Posted by: 3pomjaeger3 | 29 October 2013

28 October: Dark buteos!

bwha-juv-dark-smithpoint-10-28-13-tl-03-cropscreen-lowres bwha-juv-dark-smithpoint-10-28-13-tl-04-cropscreen-lowresThese two images show a dark-morph Broad-winged Hawk pitching into the NE Motte this afternoon, ending its day of teasing me in the Broad-winged kettles.  All photos copyright 28 October 2013 by Tony Leukering.  Click on image(s) to see larger version(s).

For late in the season, today’s flight wasn’t bad.  With the E wind, the birds were shoved off to the west and not close, but I still recorded 13 species of migrating raptors, including two particularly important individuals.

Though buteo numbers were low, the diversity of colors was high, with light and dark birds of Broad-winged, Swainson’s, and Red-tailed hawks!  I haven’t been able to analyze the dark Broad-winged that I photographed today yet, but on its second appearance (or first appearance of a second bird, I don’t know, because the bird of the first sighting was very far away), it dropped into the same tree into which the dark bird two days ago dropped.

Nearly unrelated, the friend of mine that is conducting the Florida Keys hawk count this fall scored TWO dark Broad-wingeds in a kettle of 157 BWs today!  I believe that that makes for the first local record and suggests that at least some of the displaced dark BWs that I’ve enjoyed continued farther east and that birders everywhere on the Gulf Coast should keep a weather eye out. He also reported that they are closing in on FOUR THOUSAND Peregrines for the fall (3985 as of the end of the day; with the previous three-day average of 14.3/day, they should make it before the end of the season on 31 Oct~).  Ah, to think that I was offered that job.

The important raptors at Smith Point were the second individuals of both Osprey and Peregrine Falcon that tied the seasonal record-high counts for their respective species!  Of course, that just leaves the door wide open for Tad to break both records tomorrow!

Raptors counted:

  • Turkey Vulture – 38
  • Osprey – 2
  • White-tailed Kite – 1
  • Northern Harrier – 11
  • Sharp-shinned Hawk – 13
  • Cooper’s Hawk – 30
  • Broad-winged Hawk – 57
  • Swainson’s Hawk – 6 (1 adult black, 1 adult light, 4 juvenile light)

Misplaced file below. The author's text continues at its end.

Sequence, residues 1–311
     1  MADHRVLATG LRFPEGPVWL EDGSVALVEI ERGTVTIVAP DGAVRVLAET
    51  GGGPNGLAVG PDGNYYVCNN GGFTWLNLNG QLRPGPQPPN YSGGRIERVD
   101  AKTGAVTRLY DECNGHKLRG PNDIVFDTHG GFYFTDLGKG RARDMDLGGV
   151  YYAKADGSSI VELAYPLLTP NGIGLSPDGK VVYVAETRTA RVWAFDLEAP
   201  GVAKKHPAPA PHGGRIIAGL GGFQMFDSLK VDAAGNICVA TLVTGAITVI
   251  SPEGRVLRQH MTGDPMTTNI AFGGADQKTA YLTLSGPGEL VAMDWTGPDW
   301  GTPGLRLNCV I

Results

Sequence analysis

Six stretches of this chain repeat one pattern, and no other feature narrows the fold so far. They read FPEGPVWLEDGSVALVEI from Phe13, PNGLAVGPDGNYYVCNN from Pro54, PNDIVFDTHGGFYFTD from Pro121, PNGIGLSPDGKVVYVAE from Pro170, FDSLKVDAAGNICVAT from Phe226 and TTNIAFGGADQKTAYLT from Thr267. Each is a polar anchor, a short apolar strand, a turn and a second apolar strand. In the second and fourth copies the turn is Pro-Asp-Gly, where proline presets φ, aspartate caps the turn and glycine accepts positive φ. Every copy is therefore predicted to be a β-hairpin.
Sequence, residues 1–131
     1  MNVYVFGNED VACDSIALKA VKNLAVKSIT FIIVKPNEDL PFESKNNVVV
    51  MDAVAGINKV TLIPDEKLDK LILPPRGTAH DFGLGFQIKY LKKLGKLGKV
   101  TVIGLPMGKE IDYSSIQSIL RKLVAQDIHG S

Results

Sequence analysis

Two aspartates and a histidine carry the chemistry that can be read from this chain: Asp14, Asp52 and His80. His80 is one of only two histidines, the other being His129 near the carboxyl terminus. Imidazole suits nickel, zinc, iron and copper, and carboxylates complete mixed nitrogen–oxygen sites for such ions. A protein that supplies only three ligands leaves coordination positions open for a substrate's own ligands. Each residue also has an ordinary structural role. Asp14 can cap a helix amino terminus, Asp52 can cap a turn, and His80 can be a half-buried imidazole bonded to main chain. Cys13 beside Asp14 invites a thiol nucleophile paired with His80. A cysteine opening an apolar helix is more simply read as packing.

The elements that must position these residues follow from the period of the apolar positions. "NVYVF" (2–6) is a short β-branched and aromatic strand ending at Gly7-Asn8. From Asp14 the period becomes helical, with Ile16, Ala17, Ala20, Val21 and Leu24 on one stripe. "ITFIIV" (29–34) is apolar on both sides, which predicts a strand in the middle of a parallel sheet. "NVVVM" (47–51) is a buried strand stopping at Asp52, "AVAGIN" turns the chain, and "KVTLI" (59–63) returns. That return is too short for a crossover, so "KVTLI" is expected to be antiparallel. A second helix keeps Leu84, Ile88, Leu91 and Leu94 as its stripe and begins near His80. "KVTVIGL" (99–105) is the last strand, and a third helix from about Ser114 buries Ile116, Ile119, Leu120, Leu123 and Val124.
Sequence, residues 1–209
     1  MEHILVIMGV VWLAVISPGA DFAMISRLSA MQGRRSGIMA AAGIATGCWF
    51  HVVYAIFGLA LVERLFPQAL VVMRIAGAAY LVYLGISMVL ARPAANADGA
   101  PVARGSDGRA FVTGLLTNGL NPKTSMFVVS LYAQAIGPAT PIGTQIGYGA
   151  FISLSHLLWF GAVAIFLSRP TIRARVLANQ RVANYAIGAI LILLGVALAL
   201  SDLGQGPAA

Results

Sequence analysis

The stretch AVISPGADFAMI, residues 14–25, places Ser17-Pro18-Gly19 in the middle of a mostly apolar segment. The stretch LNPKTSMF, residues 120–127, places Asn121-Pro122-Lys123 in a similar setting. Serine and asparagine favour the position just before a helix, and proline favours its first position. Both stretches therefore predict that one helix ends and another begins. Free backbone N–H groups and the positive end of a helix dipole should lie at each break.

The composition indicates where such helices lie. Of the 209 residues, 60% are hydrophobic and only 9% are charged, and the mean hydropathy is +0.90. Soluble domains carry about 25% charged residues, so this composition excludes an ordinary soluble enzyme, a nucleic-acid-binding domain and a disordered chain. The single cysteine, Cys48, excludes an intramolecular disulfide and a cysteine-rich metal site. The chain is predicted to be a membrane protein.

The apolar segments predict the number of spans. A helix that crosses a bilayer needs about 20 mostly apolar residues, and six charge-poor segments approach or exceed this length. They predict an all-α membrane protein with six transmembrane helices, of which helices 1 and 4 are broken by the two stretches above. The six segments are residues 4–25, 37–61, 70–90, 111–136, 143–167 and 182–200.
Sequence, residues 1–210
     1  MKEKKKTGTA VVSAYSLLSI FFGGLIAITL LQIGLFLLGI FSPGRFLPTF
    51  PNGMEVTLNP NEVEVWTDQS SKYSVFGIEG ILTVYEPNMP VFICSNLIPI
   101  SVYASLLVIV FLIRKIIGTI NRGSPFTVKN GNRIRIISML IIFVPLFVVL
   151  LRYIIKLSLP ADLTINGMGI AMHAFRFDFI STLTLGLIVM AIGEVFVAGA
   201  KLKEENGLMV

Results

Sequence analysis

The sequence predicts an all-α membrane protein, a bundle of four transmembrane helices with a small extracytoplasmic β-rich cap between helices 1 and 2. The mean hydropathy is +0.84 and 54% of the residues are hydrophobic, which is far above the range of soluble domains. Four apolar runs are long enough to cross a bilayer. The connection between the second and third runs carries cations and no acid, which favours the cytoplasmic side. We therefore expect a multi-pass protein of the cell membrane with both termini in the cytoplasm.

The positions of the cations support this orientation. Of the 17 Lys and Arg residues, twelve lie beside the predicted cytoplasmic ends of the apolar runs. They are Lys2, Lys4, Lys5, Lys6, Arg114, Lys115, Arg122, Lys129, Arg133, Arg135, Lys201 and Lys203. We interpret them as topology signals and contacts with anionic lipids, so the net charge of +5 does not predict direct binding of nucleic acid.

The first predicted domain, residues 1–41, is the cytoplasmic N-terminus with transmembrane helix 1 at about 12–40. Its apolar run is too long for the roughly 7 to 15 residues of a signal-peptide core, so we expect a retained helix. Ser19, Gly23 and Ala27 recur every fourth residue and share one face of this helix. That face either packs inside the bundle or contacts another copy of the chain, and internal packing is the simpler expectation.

• White-tailed Hawk – 2 (juveniles)
  • Red-tailed Hawk – 5 (1 adult dark, 1 adult light calurus, 1 adult light borealis, 1 adult really light borealis — possibly Krider’s but just too far, 1 juvenile light borealis)
  • American Kestrel – 18
  • Merlin – 1
  • Peregrine Falcon – 2 (lighter juvenile, second-year)
  • Total – 186

Landbird migrants were nearly restricted to blackbirds today, with single Lark and White-crowned (immature Eastern) sparrows and four Indigo Buntings being exceptions. Well, and the trio of American Goldfinches that flew by and landed in the “Sparse Oak.”

Blue-gray Gnatcatcher tally:  3

Today’s eBird checklist

rtha-juv-snake-smithpoint-10-28-13-tl-01-cropscreen-lowres rtha-juv-snake-smithpoint-10-28-13-tl-02-cropscreen-lowres rtha-juv-snake-smithpoint-10-28-13-tl-03-cropscreen-lowresrtha-juv-snake-smithpoint-10-28-13-tl-05-cropscreen-lowres rtha-juv-snake-smithpoint-10-28-13-tl-06-cropscreen-lowres rtha-juv-snake-smithpoint-10-28-13-tl-07-cropscreen-lowresThough, technically, I shouldn’t, I am declaring this juvenile borealis Red-tailed Hawk to be The Bird of the Day.  I was leaving the WMA when I noticed it on the verge eating a snake.  It allowed my close approach in the car while it finished off the colubrid.  Then it looked around to make sure that it hadn’t missed any of it, and sprang into the air to perch in the trees.

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